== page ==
Is Django MVC doing it wrong?

I’ve just starting fooling around with Django (a Python web framework), and was looking to produce a form. Bear in mind that Django doesn’t really do MVC, but follows the philosophy – separation of logic, representation and appearance:

class BookForm(forms.Form):
    title = forms.CharField()

def BookView(request):
    form = BookForm()
    return render_to_response('book.html', {'form': form})

With boot.html containing (amongst other things):

<form action="" method="get">
{{ form.as_table }}
<input type="submit" value="Search" />

Which is great! MVC, separation of data, presentation and business logic. Now, how do you get a CSS class onto that title field? CSS, being the way of separating out the presentation part of a HTML page from the data that’s embedded in it? As above, but chuck it in as such:

class BookForm(forms.Form):
    title = forms.CharField(

Seeing this crunched the gearbox in my mind. All that messy designer stuff, where they make things look nice, that’s worming it’s way into my business logic? Perhaps it’s not so wrong, as the business logic does indeed know that this is a title-field. But it doesn’t quite sit right with me. I’m not convinced it’s wrong, but if you were, you could instead do this in your CSS and HTML:

.title-field input {background:#ccC68f;}
<form action="" method="get">
<tr><td class="title-field"> {{ form.title }} </td></tr>
<input type="submit" value="Search" />

Which pretty much forces you to individually place fields — you get to specify the order of fields plus their individual CSS classes.

I’m not sure what the answer is here. Anyone care to enlighten this noob? Bear in mind that there’s a thing to magically tie a model to a form meaning you don’t even need to specify the fields in both the form and model, which you can’t use if you start tossing styles into each field.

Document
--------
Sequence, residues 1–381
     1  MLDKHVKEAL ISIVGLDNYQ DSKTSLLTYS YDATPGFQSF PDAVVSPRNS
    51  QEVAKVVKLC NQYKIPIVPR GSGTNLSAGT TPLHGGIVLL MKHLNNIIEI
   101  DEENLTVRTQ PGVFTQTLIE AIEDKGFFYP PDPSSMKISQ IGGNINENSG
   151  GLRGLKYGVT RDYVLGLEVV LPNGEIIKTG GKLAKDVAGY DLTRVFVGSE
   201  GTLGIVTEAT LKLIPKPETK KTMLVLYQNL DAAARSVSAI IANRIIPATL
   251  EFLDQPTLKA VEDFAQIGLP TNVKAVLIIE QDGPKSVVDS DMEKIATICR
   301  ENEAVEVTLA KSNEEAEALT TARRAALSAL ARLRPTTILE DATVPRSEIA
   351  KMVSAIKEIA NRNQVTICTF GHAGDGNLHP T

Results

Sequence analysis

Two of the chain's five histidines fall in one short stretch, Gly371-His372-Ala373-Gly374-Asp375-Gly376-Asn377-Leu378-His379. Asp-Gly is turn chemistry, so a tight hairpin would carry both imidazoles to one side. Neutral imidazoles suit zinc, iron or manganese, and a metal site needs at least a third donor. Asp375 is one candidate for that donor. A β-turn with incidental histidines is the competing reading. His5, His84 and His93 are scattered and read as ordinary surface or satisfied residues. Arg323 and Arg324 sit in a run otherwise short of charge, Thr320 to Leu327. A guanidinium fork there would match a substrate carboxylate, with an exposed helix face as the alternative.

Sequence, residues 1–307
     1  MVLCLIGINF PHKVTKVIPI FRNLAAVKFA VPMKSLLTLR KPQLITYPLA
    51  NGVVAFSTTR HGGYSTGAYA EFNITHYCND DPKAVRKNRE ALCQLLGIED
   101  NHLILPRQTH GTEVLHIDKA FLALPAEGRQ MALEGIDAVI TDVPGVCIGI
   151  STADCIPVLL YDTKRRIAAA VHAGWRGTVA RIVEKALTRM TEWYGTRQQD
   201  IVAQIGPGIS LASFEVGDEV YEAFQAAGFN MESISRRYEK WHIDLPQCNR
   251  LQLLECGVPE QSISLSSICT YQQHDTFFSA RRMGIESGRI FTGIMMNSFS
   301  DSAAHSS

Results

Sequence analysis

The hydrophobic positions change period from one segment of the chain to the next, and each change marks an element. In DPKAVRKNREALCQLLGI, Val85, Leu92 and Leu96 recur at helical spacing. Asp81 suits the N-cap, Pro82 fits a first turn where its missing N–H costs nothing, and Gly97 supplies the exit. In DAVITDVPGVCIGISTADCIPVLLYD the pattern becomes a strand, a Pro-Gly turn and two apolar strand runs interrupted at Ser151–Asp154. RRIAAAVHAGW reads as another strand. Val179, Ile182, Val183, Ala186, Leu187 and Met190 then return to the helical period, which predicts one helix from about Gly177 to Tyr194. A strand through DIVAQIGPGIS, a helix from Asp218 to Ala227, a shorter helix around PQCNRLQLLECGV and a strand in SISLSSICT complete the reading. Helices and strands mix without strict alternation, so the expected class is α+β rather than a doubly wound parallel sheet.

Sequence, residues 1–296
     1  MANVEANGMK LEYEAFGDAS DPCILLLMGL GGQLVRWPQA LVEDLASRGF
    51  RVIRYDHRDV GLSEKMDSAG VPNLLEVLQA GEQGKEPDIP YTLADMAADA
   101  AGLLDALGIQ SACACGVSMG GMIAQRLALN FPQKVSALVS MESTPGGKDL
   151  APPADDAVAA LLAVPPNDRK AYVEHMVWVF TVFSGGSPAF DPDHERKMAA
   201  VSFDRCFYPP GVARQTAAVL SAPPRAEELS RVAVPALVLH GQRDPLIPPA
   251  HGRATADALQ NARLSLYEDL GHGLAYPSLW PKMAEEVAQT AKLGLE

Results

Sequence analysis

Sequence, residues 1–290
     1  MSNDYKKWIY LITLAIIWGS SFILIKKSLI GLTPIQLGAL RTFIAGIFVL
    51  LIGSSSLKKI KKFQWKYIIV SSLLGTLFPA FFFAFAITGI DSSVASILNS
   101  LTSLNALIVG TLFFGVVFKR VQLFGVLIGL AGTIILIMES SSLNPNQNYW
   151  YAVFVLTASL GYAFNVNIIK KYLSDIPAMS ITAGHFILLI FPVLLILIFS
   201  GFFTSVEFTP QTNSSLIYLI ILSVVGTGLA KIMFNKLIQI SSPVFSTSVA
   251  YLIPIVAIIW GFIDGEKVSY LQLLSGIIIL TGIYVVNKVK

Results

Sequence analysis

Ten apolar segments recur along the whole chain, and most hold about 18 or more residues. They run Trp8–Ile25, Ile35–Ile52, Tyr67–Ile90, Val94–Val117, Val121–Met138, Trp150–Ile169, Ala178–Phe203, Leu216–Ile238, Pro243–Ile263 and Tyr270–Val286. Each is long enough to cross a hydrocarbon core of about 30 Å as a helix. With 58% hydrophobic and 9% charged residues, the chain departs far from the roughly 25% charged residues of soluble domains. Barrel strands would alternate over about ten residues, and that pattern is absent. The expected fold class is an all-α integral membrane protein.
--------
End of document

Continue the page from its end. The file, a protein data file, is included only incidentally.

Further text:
2 thoughts on “Is Django MVC doing it wrong?

  1. glen

    It certainly looks wrong to me too. I’ve been working with ASP.NET MVC and it has a much better separation of the view and the controller. The way you have to specify the control type as a TextInput in the controller doesn’t seem right either. It means all of the views have to have the same fields on them, whether they’re a full web page or a tiny smartphone page. Seems restrictive.

  2. huxley

    You can use ModelForms and do ordering of fields and include HTML attributes.

    If you want to set a particular order, you define the fields you want to include in the order you want them to appear, in your ModelForm’s inner Meta class:

    You can also override any particular widget default in the ModelForms just like you can with regular forms. Pretty much everything can be overridden. And you can define different Form classes for different scenarios, so you can have different widgets for different devices and serve them as conditions in your views or URLs.

    By the way, in your example, you haven’t mixed CSS and HTML, you’ve only added an extra HTML attribute. IDs and classes are HTML attributes which can be used to connect a CSS style to a particular element, but there is no mixture of design and structure in your example.

    There are several approaches to MVC so two developers could disagree about the details but don’t confuse the Web’s separation of concerns with MVC, the HTML/CSS/Javascript separation of concerns is influenced by the MVC architectural pattern but it is a different thing.

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